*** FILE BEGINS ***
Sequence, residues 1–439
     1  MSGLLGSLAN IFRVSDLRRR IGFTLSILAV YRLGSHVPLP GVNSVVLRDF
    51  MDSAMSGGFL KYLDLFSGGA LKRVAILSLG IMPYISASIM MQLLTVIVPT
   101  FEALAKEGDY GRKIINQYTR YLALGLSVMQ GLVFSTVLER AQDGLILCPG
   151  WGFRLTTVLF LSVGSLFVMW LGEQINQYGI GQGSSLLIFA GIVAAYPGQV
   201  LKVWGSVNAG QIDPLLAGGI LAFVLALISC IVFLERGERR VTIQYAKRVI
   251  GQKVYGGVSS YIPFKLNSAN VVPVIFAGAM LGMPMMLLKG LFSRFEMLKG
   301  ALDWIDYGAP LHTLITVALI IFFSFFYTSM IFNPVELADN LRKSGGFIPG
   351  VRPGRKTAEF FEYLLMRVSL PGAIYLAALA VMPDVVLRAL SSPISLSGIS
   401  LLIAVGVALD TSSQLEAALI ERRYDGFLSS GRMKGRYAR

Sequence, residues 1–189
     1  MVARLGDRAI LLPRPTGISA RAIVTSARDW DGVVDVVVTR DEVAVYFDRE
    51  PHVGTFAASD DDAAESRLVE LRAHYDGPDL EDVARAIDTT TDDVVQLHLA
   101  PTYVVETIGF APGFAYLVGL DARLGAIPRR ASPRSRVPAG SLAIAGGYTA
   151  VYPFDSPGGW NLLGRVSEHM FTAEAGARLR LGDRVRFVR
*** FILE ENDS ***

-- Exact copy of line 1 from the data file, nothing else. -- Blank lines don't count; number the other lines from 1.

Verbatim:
Sequence, residues 1–439